28 February 2019

Hockey Road Trip: Ontario Odyssey (Part 2)

Part 1 of the Ontario Odyssey found Charlene and I gallivanting throughout the province, but now it was time for my travel companion Chad to join us as we completed a very busy week...


Chad arrived in Toronto at 6am after taking a red-eye flight from Los Angeles, so we immediately brought him to our Airbnb in order to squeeze in a quick nap before the day's itinerary unfolded.  We had tickets for the Blue Jays home opener, and our initial thought was to visit both the CN Tower and Ripley's Aquarium before the game (both are included in the Toronto CityPASS), since they are located directly next door to Rogers Centre.  Unfortunately, we arrived downtown amid dreary conditions and THIS was our view of the majestic CN Tower:

As a result, we decided to postpone our visit to the top of the Tower until Saturday, and instead spent the morning at the aquarium.  Charlene was an Animal Science major in college, so she took particular interest in observing the various species as we slowly made our way around the premises - it was definitely a terrific way to spend a couple of hours.

We still had some time to kill before the baseball game, and the perfect place for lunch was only a few blocks away: Wayne Gretzky's Toronto.  Packed with what seemed like an endless supply of memorabilia celebrating the game's greatest player, this restaurant is a must-see location for any hockey fan.  I had to check out every square inch of the place while I was waiting for my food - which was a delicious burger with the Great One's number 99 toasted into the bun!

13 February 2019

Hockey Road Trip: Ontario Odyssey (Part 1)

Often touted as the "Center of the Hockey Universe", Toronto holds a special place to those of us that follow this beloved sport.  The NHL has one of its three headquarters in the city, with this branch notably serving as home to the Central Scouting Bureau and the "Situation Room", where in-game video replays are scrutinized.  Many current and former players hail from the province of Ontario, often developing their skills in minor midget organizations as well as the junior teams that make up the Ontario Hockey League.  Last but certainly not least, the Hockey Hall of Fame is located in downtown Toronto, adding to the mystique of the fabled city.

Owing to its history, I had always planned on Toronto being the final city on my "quest", but I bumped it up the list when I saw that the final week of March 2018 presented several sporting opportunities in the area that I couldn't pass up.  Both the home opener of the MLB's Toronto Blue Jays and the first round of the OHL Playoffs would occur during this period, which also coincided with Good Friday to allow me one extra vacation day from work.  I even added an extra day to the beginning of the trip to visit Niagara Falls: my fiancee Charlene had always wanted to visit, and was quite jealous when I told her about my Buffalo trip.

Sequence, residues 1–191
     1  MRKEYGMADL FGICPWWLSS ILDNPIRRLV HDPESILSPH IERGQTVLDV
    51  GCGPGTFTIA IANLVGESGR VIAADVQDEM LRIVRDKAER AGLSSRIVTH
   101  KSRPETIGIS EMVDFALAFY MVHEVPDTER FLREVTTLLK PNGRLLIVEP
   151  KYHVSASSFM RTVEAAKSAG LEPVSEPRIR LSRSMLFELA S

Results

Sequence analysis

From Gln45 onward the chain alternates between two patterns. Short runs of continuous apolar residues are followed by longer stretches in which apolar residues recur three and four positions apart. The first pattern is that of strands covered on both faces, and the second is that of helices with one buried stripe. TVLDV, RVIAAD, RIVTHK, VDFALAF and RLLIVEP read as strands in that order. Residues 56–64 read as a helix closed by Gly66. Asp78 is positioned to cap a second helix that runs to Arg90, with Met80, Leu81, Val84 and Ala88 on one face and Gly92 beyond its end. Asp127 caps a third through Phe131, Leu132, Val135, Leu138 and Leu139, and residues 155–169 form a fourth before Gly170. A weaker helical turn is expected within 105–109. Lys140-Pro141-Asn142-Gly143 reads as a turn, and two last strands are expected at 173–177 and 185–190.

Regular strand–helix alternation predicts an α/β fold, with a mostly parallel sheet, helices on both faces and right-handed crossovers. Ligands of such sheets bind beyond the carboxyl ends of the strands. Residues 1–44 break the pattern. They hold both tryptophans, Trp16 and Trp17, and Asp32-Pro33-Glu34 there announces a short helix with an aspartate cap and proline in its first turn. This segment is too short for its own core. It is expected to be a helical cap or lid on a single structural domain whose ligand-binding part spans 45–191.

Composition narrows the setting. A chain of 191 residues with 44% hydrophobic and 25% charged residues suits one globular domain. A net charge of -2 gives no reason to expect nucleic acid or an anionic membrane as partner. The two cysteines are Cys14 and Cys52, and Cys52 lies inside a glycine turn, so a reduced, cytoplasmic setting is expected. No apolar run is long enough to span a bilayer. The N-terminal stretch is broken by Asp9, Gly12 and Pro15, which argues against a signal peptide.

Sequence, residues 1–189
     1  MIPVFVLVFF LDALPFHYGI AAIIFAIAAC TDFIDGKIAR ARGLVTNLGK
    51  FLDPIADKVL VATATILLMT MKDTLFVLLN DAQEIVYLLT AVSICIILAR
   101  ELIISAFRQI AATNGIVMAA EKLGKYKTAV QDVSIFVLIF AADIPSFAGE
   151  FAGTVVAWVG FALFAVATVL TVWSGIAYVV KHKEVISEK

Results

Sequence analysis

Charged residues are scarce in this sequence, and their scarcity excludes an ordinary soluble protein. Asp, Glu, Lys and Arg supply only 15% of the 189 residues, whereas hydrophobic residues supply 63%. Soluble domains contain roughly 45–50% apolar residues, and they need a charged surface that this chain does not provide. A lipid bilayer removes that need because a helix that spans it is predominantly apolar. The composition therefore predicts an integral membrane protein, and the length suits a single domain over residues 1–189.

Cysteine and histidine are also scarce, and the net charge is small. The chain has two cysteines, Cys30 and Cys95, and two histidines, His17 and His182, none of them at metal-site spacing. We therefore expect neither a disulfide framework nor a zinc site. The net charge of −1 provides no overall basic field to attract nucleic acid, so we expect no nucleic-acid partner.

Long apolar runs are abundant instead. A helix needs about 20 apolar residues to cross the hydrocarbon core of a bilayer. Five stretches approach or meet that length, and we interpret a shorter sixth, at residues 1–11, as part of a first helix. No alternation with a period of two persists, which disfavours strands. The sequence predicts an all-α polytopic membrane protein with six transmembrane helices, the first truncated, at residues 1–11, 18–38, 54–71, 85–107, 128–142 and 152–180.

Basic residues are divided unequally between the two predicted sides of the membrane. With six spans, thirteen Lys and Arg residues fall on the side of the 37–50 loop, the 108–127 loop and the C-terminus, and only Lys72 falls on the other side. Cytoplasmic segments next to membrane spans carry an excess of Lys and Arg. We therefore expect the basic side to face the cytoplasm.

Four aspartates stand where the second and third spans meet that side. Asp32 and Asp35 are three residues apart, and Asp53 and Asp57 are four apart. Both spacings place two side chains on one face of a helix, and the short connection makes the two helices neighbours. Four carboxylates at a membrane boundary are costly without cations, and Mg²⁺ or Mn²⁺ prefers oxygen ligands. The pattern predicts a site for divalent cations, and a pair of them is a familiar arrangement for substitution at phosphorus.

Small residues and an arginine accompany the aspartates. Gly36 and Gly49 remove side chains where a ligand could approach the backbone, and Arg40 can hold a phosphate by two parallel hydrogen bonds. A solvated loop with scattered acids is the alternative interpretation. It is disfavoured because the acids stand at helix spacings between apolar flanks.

I would spend most of the spring keeping track of the OHL standings and drafted a spreadsheet to monitor the potential playoff matchups amongst no less than a dozen different junior teams.  Once the schedule was finalized, it was just a matter of prioritizing the teams and arenas that were highly-recommended, and coming up with sightseeing suggestions to take place during each day.  We flew directly to Buffalo on a Thursday, in order to relax and prepare for the massive odyssey that would feature eight hockey games in eight days!


It was a frigid morning (what else from Buffalo?) as we headed to Niagara Falls State Park, arriving just before Noon.  We wanted to give ourselves as much time as possible to see everything, so we walked slowly around the area, crossing over to the Canadian side and back.  Charlene was just as amazed as I had hoped, which made the day that much more enjoyable.  We stopped in various shops to stay out of the cold, then ventured back to Buffalo as the sun was setting - typical tourists for the day, going home early to rest up for the longest day of the trip.

03 October 2018

Squire Report, Vol 13: Year Two

So how does this team follow up such a historic and record-breaking season?  With a very active summer and an outstanding 6-1 record in the preseason!  I can't wait for Year Two to begin, but here's a quick recap of the recent news...


With the departure of James Neal and David Perron via free agency, the Golden Knights were left to fill a void at wing - which precipitated the blockbuster trade that brought Montreal Canadiens captain Max Pacioretty to Vegas.  One of the NHL's best wingers of the past decade, Pacioretty has tallied at least 30 goals and 60 points in five of his last six full seasons, while representing the USA in both the Olympics (2014) and World Cup of Hockey (2016).  With their top line already in place, the Knights now add important scoring depth for the second line, where Pacioretty will likely line up next to Paul Stastny, a longtime friend from their days with Team USA.